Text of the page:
It’s great that the arrogant, entitled version of Christianity is essentially so last millennium now! Sadly, there are still some Christians who haven’t woken up to, or simply refuse to accept that, we are living in a post-Constantinian world.
With the last gasps of this Constantinian world, with its the presumption of a Christian society, people of faith have often looked at the glass as being only half full.
For too long, with tick-the-box faith numbers shrinking in censuses, Christians and other people of faith were often on the back foot, battling people who were fundamentalist, evangelising anti-theists. But the anti-theist attack on the straw-god, not-really-almighty, invisible Sky Fairy hasn’t really been leading to increased health and happiness in an atheist Shangri-La for all. Rather, wellbeing, compassion, and mindfulness, ripped out of their religious foundations, are now flavour of the month in a world looking for a new agreed, objective compass by which to steer.
In Aotearoa New Zealand, people of faith are beginning to say, hey – we make up half the population, we have a positive message and lifestyle, and whilst we might disagree with each other about some things, and there are the expected usual minority of nutters and extremists, the vast majority of us share some pretty big agreed perspectives, insights, ethical positions and way of living.
Donna Miles-Mojab said it well yesterday: it might be time for people to change their attitude to faith. She quotes Stephen Fry who famously said that if he met God:
I’d say, bone cancer in children? What’s that about?” How dare you, how dare you create a world in which there is such misery that is not our fault. It’s not right, it’s utterly, utterly evil. Why should I respect a capricious, mean-minded, stupid God who creates a world which is so full of injustice and pain? That’s what I’d say.
It’s well said, of course. But, let’s not pretend that Stephen Fry was the first to articulate The Problem of Evil: how can God be all powerful and all good and yet bad things happen? Colloquially, people ask: why do bad things happen to good people? It’s a question I regularly hear even atheists asking in a reformulated way: she was so fit, so careful with her diet, why did she get this disease? It’s a philosophical problem with strong emotional weight.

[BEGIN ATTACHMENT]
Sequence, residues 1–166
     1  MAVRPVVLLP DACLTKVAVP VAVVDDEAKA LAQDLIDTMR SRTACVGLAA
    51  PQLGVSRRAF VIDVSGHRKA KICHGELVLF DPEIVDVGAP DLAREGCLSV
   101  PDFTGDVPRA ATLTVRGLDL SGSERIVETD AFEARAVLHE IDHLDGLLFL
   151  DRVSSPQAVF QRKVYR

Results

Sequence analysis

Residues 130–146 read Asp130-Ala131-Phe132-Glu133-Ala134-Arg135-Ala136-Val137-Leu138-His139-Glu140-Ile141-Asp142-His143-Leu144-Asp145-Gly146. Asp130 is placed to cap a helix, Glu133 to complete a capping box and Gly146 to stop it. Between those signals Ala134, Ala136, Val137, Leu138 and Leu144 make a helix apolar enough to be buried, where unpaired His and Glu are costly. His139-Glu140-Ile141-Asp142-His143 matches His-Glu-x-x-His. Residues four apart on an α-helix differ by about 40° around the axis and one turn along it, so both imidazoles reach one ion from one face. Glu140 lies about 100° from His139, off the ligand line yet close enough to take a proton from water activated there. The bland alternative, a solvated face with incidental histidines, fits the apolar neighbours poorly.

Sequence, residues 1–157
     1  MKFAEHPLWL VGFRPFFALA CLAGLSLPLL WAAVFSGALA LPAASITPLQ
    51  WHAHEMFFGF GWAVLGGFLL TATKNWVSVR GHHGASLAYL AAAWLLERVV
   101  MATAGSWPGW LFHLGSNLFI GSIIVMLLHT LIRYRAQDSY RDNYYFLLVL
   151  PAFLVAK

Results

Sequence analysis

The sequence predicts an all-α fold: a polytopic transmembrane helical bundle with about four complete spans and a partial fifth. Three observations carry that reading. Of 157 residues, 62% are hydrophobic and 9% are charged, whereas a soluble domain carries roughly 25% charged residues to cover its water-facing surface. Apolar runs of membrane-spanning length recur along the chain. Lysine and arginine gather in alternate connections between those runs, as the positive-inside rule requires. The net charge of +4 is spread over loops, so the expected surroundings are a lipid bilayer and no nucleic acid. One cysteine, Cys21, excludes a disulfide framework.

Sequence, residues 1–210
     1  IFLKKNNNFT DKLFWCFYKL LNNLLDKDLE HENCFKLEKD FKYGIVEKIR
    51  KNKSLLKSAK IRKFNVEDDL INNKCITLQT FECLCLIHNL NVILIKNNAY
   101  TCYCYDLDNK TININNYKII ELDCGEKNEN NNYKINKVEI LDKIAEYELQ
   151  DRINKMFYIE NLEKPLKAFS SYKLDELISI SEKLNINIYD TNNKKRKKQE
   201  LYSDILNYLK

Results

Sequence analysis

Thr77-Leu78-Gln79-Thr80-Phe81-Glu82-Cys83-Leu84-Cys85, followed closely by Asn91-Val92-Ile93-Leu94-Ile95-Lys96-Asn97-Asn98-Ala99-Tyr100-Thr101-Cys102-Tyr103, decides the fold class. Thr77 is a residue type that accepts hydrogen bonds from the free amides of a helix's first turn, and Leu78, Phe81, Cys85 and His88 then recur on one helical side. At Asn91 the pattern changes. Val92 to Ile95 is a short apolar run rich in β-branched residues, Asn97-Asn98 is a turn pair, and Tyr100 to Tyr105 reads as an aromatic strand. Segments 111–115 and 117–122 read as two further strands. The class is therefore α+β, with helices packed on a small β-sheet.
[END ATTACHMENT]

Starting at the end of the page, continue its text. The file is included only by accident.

But Donna Miles-Mojab turns this on its head (do read the whole article): faith helps people to get through tragedy.
In secular societies, culture is supposed to be the new scripture but, given the state of our mental health, it’s evidently failing to deliver the sense of spirituality most of us need to bring resilience, solace and meaning to our lives.
Maybe it really is time for us to rethink our attitudes towards faith and its role in modern society.
I’ve sat through enough secular wellbeing and mindfulness seminars, read books, articles, and watched YouTube talks advocating compassion to self on the assumption that each of us is trying one’s very, very best. But, we aren’t. And I think in our heart of hearts we know it – it’s just scary to admit it. I sin. You sin. We have sinned in ignorance, we have sinned in weakness, we have sinned through our own deliberate fault. I have greatly sinned in my thoughts and in my words, in what I have done and in what I have failed to do, through my fault, through my fault, through my most grievous fault. Faith offers something secularism cannot: forgiveness. And, forgiven, we can forgive others. Daily, Christians pray: Forgive us our sins as we forgive those who sin against us.
The presumption – that it’s not the terrible context that should be one’s focus but controlling our inner reaction to that – is false. Just because I am paranoid does not mean I am not being got at! People of faith roll their sleeves up and work with a God who wants the world to be a better place – not just have people feel better about it.
That doesn’t mean we don’t feel better about it. Plenty of studies highlight that people of faith have better mental health. But feeling good about things isn’t the goal; it may be a side effect of a commitment to a journey towards deepening union with the Source of being and meaning.
As we come to accept that we Christians, we people of faith, are no longer the biggest players in town, with the biggest buildings, as we come to accept our abuse and our hubris, from this new position we can, with more integrity, point to our search for meaning, our real care for those in need, our intellectual tradition, our love and production of beauty in art, music, architecture, our positive contribution to history…
The glass of being a person of faith is at least half full – and its content is good.